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Isolated mountain boy meets girl, loses girl, and decides to stay on the mountain. If you want the crux of M.C. Higgins, the Great, well, that's about it.
But that doesn't nearly scratch the surface of what goes on in our main man M.C.'s head throughout Virginia Hamilton's 1974 book. You'll be tempted to view the story as a boy-grows-up narrative, and it is that. But because M.C. already has so much independence and responsibility at the beginning of the book (he's got a bunch of younger siblings to look after while his parents work all day), the story reads more like an in-depth look at what a mature teenaged boy worries and thinks about.
And what does he worry about? Hint: survival, family, friendship. That girl. Oh—and legacy.
Why legacy? Because M.C.'s real struggle has to do with his place on the family mountain. Yep, you read right: His family owns a mountain, the mountain his ancestors fled to in order to escape slavery a few generations back.
Only the Higgins aren't the only ones on the mountain anymore, and strip-mining companies are turning the mountain into an environmental nightmare. So even though you can classify this book as a teen romance or a boy-meets-world story, it's really all about a boy and his relationship with—no, scratch that—his commitment to a mountain.
So throw on some hiking boots and pack some granola because it's time to commune with Nature, big-time. Need a little boost to get you going? M.C. Higgins, the Great earned Hamilton the John Newbery Medal, making her the first African American person to receive this honor, and it's also the only book to ever win the Newbery Medal, the Boston Globe-Horn Book Award, and the National Book Award (source). Now get a move on.
Psst… Come here. We've got a secret to tell you: We aren't perfect. And you know what? Sometimes we really hate it when people point this out to us. Like, simmer down already and just leave us alone with our awesome selves, okay?
But you know what else? After reading M.C. Higgins, the Great, we're not feeling so… er… great about this tactic. Because here's the thing: M.C. fancies himself pretty spectacular. And there are plenty of ways in which he's right—the kid's got all kinds of nature skills and sixth senses and the like, plus he basically runs the show on the home front, taking care of his siblings while his parents work away.
But M.C.'s also kind of a jerk. He likes his best friends meek, his lady crushes to let him do whatever he wants with them, and he thinks his super nice neighbors are just too weird to show kindness toward. In other words, for all the ways in which M.C. knows he's the shmoop, well, we get to see that he isn't.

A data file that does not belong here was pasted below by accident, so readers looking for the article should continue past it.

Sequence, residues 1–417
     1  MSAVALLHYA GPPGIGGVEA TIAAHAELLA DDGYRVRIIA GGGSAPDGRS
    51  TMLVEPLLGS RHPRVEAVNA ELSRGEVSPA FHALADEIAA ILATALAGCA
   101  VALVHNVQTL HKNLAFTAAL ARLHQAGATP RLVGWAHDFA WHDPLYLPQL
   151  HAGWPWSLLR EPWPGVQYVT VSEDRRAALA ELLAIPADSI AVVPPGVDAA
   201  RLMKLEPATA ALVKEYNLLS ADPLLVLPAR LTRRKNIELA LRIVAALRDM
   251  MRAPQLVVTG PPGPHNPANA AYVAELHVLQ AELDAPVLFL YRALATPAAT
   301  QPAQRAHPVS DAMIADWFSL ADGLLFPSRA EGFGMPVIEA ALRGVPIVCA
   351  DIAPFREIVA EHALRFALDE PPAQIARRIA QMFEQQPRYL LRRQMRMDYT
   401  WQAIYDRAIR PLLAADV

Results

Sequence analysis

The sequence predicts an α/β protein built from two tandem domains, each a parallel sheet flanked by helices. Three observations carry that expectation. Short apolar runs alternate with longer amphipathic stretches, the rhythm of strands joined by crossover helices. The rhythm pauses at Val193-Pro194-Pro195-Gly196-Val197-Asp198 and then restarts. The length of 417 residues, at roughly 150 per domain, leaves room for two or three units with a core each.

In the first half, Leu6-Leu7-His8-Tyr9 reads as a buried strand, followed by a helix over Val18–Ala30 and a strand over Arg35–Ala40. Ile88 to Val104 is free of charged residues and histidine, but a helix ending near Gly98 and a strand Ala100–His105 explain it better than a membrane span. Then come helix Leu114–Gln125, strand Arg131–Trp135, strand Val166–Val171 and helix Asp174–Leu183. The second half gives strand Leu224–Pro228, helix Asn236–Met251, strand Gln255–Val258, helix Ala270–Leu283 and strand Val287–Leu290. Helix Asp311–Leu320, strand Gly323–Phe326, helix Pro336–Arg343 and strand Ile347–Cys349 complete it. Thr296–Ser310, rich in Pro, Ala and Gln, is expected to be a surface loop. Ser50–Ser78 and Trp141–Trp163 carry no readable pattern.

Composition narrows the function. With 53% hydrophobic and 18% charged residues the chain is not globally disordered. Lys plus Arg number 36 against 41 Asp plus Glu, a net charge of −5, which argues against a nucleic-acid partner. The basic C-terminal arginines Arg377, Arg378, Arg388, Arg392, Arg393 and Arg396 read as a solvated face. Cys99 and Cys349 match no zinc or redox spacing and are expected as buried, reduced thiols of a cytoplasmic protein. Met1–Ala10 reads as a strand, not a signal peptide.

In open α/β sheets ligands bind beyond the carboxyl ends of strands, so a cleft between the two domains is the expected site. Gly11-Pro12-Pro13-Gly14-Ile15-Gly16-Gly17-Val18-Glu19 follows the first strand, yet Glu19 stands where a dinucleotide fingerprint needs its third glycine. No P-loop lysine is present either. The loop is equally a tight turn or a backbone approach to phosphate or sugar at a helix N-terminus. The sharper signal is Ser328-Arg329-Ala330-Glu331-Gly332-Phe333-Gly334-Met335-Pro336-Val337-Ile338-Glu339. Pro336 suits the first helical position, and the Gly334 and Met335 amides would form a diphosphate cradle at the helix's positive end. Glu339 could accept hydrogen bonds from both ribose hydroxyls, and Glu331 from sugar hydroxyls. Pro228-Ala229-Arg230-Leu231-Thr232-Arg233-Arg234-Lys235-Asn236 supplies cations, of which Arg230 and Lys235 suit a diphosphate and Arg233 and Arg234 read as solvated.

So we're trying a different tack, and the next time someone tries to tell us that maybe that thing we just did or those words we just said actually aren't so awesome, instead of deciding they're wrong, we're going to think for at least a little on whether they just might be right. After all, once M.C. lets other influence him, he pretty much saves the day.
The Official Virginia Hamilton Website
Hamilton isn't just about M.C. Higgins, and she has a whole website to prove it.
Songs of the Appalachians
Want to hear what some of the stuff Banina sings sounds like? Here you go.
M.C. Higgins, the Great—the Movie
There is a movie version of the book out there somewhere (although you might have to go hunting for it). It's from the 1980s.
The Scholastic Kids Interview
These kids aren't afraid to get personal with Virginia Hamilton, so this interview covers all kinds of turf.
What Does a Professor Think?
Feeling more academic? Here's an excerpt of a review of the book, from a professor of Children's Literature.
A Kirkus Review
A brief, general, but solid review of the book.
New York Times Review
Warning: This gives a terrible scanned copy of an old NY Times review of the book, but if you're willing to wrestle with the type, it's worth your while.
All About Virginia Hamilton, the Writer
A quick two-minute-ish video about Virginia Hamilton's writing career.
What does Virginia Hamilton have to do with "liberation literature"? Find out here.
More Video Clips on Hamilton
Kid-friendly clips on Hamilton's life and books, including biographical information, photos, and more.
A Three-Minute Story Break
There's nothing more relaxing than listening to an old man reading a good book aloud—slowly. Too bad the reading is only about three minutes long.
The Current Cover
The book has had so many covers, but this here's a pretty recent one.
The Standard Cover
Here's what the 25th anniversary edition's cover looks like—check out M.C. on top of his pole.
M.C. and the Mountain
Here's another version of the cover, with M.C. on top of his pole (again) but with some mountain scenery too.
M.C. Between Two People
An old, but interesting, cover for the book.